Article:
Moviegeek5: 30th Anniversary Movies 1989 – 2019



As previous years, we take a look back at movies released 30 years ago, and as this is 2019 it means we have reached the final year of the 1980s. The year offered a number of excellent films, so many in fact that it was difficult to choose! We have picked out a spread of films that represent different genres but are all great in their own way.

Check out the list below and let us know in the comments below what your list of 1989 would look like:


Indiana Jones and the Last Crusade

The third Indiana Jones movie is a strong contender for being the best one; it was certainly my personal favourite growing up. The Last Crusade moved on from the oddities of the otherwise excellent second movie and returned to the biblically inspired subject matter of the first one but by a stroke of genius threw Indiana’s father into the mix. Sean Connery is wonderful as Jones sr. and the complicated relationship between father and son brings lot of laughs and extra depth of character to the film. Moving, exciting, and wonderfully made this is indeed a superb adventure movie.





Dead Poets Society

There is a niche within coming-of-age dramas which consists of movies set in boarding schools; there aren’t many, but they are there. One of the best is certainly Peter Weir’s Dead Poets Society. The story is set around a group of friends in a strict boarding school. They have just started at a new school and have plenty of pressure from home to do well, when they met their new English teacher, Mr. Keating whose infectuous love for poetry will change the trajectory of their lives. Robin Williams is excellent as Keating and the film will undoubtedly leave more than a few poetic quotes branded into your mind for good.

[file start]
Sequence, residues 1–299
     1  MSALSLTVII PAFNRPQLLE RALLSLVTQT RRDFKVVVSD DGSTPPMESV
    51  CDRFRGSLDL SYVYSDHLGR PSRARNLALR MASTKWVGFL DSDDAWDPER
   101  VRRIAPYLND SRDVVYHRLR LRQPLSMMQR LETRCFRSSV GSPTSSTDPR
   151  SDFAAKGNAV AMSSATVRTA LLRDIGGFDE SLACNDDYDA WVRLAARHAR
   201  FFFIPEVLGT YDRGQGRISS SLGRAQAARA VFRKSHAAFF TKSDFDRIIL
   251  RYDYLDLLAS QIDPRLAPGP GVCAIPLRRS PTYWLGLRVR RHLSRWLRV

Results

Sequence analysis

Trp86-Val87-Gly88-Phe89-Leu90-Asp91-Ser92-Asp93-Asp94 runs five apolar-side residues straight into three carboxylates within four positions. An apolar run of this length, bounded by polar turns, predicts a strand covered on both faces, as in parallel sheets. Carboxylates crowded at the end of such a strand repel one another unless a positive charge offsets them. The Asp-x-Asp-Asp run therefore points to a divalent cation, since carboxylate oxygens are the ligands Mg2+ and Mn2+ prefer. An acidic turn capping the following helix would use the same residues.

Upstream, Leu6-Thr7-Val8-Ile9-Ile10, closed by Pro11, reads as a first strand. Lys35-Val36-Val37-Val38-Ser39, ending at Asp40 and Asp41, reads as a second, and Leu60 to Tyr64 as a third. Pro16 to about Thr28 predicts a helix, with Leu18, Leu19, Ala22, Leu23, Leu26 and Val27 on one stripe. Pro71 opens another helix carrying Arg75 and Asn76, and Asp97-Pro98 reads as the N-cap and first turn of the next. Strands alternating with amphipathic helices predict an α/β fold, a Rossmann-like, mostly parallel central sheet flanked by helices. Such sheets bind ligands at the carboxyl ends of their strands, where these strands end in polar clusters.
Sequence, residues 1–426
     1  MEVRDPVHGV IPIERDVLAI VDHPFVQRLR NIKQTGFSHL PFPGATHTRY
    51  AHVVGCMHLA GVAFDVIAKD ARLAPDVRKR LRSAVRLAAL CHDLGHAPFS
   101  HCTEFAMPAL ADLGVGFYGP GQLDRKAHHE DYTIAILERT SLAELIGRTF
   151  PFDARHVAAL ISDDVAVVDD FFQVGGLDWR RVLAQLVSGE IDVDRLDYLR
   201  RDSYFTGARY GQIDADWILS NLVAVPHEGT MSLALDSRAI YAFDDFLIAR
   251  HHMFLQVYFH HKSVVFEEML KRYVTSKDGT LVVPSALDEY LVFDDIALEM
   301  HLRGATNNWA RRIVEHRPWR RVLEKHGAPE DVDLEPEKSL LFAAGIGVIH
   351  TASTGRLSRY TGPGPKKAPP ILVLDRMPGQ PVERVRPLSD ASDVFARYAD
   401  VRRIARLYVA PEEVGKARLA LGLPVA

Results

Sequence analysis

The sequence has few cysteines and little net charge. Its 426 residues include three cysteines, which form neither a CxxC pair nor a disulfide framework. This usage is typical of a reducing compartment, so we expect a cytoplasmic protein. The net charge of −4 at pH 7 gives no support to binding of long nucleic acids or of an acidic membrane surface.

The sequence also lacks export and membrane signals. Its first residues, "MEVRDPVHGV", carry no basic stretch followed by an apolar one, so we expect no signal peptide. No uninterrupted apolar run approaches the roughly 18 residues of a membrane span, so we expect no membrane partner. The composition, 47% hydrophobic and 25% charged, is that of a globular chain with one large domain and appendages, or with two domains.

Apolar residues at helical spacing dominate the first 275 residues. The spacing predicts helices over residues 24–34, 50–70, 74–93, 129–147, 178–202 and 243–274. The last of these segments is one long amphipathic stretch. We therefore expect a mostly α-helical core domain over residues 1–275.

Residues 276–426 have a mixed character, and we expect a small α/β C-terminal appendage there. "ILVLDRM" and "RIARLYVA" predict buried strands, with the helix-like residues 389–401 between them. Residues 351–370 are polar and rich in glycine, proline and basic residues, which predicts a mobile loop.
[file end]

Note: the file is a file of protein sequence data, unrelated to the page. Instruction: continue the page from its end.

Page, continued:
1989 was actually quite an important year in terms of superhero movies. The Christopher Reeves Superman movies in had been succesful, but apart from that the subgenre had very little to offer. That is until Tim Burton made the first big Batman movie and pitted the unlikely lead actor Michael Keaton against legendary Jack Nicholson as the arch-nemesis The Joker. Since eclipsed by Christopher Nolan’s Batman trilogy (2005-12), this balanced the darkness of the Batman with a tangible comic feel which reinvigorated the character and the subgenre on the big screen, paving the way for the eventual explosion of superhero movies.






When Harry Met Sally…

If you are going to watch one romantic comedy from the 1980s (excluding high school rom-coms) this is probably the best recommendation I could give you. Set over a number of years, the story revolves around Meg Ryan’s Sally and Billy Crystal’s Harry, who at first dislike each other after meeting at random, but slowly become friends after a number of more or less random meetings. They might very well be perfect for each other, but will they ever take that step for fear of ruining their friendship? Ephron’s great script offers so much more that just that very famous cafeteria scene and is not an 80s movie to be missed!






Uncle Buck

One of the big comedians of the 1980s was the Canadian John Candy, who broke through like so many else on SNL and sadly passed away much too early in 1994. In our final entry he stars as the titular uncle Buck, a big immature man who cannot pull himself together to move things along with his girlfriend or keep his apartment in order. When his brother and sister-in-law are desperate to get someone to look after their kids during a family crisis and they are forced to ask Buck. What follows is a warm and genuinely funny comedy in which the real heart is the relationship between Buck and his contrary teenage niece. A really good comedy for the whole family.




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